Quebal, Articer. “Expanding Financing Literacy To The Barangays And Schools”. 2004

Photo courtesy of aquino.paolo


  1. Very true, Fitz. Most Filipinos do not know how to handle money properly. Unfortunately, some of us sacrifice themselves and leave their families here just to earn good money.

    While the government is trying to help the masses to save by removing their taxes, it is not sufficient enough because what we really need is financial education.

    Fiipinos are good earners, talented and world class workers but only a few of us are good businessmen.

    We are always searching for a superhero who can help us but we do not realize we are that superhero inside ourselves.


  2. great post fitz! and very true as well. most of my relatives in the province are earning well — but because they are what we call “financially illiterate”, they often find themselves in debt. they just couldn’t live within their means. they think that since they are earning from a stable job, they have the “right” to spend, spend, spend. i wish that finance be thought in school too. its definitely more important than art or music subjects! no offense to artists, LOL

  3. @guardian angel
    I agree, people should stop blaming the government, their family, etc. for their poor financial status. Change is always possible if we start within ourselves.

    Thanks for the compliment. I think DECS should seriously consider including Personal Finance as a subject in school. A friend of mine who worked there already proposed the idea years back, it was not really given consideration (too bad). In any case, I believe that it’s also important for parents to teach their kids about money as early as possible.

  4. Nice post! My 2nd time to check you website. Filipino families should start saving and increase their savings at any rate. I believe that we, Filipinos, need to spend time studying our finances carefully.

    Yeah! DepEd should include subjects such as finance in elementary and highschool. So as with CHED for college students.

    Something that should be given attention to is investment instrument/s most Filipinos are using. More power to you Fitz!

  5. Thanks for the mention, Fitz. Will be checking back in regularly to read your musings. It is very important to give proper attribution within the article as well as in the footnotes. You know, as a writer, a lot of people copy my articles and I mean lifting everything from the title to the last period. I have grown tired of teaching that real writers are not afraid to attribute anything to other fellow writers. But while I have stopped calling other bloggers’ attention to that, proper attribution has remained as one of my personal yardsticks for good writing. Regards.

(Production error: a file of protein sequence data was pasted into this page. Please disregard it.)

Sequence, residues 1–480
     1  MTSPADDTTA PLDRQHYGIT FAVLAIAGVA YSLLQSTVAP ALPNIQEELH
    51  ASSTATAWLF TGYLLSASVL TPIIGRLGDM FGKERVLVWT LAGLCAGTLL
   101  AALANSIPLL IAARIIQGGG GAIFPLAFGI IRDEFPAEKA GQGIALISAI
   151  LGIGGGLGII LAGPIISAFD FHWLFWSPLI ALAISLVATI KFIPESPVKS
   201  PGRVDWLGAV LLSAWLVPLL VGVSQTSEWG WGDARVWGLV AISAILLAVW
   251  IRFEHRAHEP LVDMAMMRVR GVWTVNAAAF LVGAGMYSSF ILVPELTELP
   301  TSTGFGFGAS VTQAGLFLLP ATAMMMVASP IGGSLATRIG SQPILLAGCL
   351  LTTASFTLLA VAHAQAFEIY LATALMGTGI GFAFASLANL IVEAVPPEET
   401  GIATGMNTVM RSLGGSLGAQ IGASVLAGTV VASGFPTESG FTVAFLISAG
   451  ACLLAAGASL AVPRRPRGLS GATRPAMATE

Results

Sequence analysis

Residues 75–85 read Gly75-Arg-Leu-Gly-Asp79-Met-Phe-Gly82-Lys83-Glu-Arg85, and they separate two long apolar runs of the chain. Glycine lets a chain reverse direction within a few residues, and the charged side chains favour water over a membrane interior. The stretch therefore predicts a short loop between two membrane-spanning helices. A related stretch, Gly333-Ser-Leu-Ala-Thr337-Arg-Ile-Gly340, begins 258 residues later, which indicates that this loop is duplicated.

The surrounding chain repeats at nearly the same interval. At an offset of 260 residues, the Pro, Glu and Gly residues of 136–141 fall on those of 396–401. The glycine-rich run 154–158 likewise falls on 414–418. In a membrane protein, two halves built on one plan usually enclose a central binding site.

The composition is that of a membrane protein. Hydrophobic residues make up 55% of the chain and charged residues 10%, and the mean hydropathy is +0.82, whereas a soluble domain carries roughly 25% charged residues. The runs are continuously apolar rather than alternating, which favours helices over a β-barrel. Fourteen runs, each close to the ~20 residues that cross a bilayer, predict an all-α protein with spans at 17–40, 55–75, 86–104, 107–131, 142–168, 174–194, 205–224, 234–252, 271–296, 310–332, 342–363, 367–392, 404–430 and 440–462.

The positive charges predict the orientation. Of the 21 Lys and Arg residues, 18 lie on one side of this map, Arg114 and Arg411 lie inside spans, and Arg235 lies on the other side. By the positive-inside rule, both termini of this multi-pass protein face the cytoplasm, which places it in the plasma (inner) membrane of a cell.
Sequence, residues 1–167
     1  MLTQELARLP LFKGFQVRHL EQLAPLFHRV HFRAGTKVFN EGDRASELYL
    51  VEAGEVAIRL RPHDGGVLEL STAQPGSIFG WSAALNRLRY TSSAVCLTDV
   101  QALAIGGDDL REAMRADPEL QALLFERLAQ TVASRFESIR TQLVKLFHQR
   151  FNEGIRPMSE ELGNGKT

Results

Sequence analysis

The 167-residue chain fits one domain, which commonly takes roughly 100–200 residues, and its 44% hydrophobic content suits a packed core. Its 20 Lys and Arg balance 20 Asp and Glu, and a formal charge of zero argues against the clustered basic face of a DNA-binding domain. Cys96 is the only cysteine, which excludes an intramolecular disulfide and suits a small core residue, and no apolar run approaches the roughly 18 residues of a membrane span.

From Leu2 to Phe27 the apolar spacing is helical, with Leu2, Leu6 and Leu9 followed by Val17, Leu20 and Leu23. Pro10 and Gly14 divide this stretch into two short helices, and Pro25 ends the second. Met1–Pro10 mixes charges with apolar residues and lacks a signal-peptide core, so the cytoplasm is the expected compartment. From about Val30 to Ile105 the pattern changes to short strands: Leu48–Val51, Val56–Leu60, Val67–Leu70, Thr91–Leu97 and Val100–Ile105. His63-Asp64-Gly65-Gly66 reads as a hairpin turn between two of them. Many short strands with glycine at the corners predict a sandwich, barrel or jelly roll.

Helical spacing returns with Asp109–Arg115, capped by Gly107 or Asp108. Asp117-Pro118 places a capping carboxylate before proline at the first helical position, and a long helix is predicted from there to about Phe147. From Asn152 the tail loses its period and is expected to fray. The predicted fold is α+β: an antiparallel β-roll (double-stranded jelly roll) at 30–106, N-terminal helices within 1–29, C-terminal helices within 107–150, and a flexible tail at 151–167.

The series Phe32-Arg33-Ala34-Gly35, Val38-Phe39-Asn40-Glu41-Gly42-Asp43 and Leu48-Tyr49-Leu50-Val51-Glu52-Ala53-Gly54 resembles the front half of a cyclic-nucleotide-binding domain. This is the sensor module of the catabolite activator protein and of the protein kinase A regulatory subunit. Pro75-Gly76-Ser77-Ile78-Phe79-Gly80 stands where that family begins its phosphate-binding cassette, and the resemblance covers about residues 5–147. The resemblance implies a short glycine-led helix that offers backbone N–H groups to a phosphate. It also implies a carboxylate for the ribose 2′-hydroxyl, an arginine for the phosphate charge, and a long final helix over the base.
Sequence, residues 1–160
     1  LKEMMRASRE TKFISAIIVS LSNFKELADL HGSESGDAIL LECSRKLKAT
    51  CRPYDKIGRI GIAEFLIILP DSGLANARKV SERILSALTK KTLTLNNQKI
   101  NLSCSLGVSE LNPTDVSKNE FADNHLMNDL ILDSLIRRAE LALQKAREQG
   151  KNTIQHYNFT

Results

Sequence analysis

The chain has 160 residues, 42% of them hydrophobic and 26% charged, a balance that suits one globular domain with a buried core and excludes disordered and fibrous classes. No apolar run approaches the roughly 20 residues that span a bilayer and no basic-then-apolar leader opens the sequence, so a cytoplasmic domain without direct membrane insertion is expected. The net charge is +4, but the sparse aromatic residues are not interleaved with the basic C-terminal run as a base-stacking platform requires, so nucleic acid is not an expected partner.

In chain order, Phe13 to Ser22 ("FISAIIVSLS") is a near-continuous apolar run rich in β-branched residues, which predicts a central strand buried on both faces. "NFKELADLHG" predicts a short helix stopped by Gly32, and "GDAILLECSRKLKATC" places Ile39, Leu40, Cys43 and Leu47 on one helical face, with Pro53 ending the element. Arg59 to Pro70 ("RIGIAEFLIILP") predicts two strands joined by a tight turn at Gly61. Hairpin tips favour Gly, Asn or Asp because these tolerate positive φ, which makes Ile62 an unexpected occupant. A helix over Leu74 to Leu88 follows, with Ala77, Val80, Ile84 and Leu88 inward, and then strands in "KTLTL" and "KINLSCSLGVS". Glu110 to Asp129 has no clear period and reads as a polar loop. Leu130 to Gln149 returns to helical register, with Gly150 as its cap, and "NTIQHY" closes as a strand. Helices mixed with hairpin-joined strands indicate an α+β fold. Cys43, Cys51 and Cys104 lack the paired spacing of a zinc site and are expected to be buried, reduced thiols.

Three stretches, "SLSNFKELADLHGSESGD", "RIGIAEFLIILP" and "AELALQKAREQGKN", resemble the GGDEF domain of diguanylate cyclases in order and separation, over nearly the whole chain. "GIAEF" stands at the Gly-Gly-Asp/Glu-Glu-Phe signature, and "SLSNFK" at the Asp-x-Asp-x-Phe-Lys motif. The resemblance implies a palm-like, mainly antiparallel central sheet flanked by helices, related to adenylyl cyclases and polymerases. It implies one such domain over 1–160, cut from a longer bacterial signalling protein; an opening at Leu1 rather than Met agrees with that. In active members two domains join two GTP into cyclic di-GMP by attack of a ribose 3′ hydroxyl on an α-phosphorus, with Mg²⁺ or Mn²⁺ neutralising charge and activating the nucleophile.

6. @Lee Angelo
    Thanks for sharing your thoughts. I hope you can help spread the word to your friends about my humble site. 🙂

    You’re welcome and I’d like to extend my gratitude too for writing such informative articles. I hope that through our writing, we can help increase the financial literacy of Filipinos.

  7. Surely, no problem! I’m sure they could find valuable information from you site. More power to you and more posts to come!

  8. The Philippine Issues Writing Project Summary, Prize Winners Announced | Filipino Voices says:

    […] – Political Abrogationism for Real, Global and Moral Democracy Oliver Geronilla – Tongue In Cheek? Fitz – The State of Financial Literacy in The Philippines JM Tuazon – Blogging Issues Coy – Video on Checkpoints During Rallies Legally Inclined – The Most […]

  9. Its nice to hear that people like you have taken steps to remedy the present state of Philippine Financial Literacy. Thanks for the wonderful articles you have share. Starting today,I will regularly visit your site and share it in my FB account. I pray that we can reach and educate more Filipinos in the coming days. Thanks again!

  10. […] Literacy”. Wikipedia “Financial Literacy”. Community Developments. June, 2011 Fitz. “The state of financial literacy in the Philippines.” Ready To Be Rich. F. Sionil Jose. “Why Are Filipinos So Poor?” Ready To Be Rich “What […]

  11. […] knowledge is the ability to see the distinction between an asset and a liability. Fitz reports in The State of Financial Literacy in the Philippines that most OFWs and their families are confused about assets and liabilities. Their hard-earned […]

  12. I firmly agree to the idea of also teaching financial education to each and every Filipino especially in school if we want to make our country progressive. We should learn how to make money work for us,not us,working for money.For that is only the way we can achieve financial freedom.I suggest you also read Robert Kiyosaki’s Book the Rich Dad, Poor Dad.It will definitely help for sure,and if it does,share it also to your loved ones.Thanks! ^_^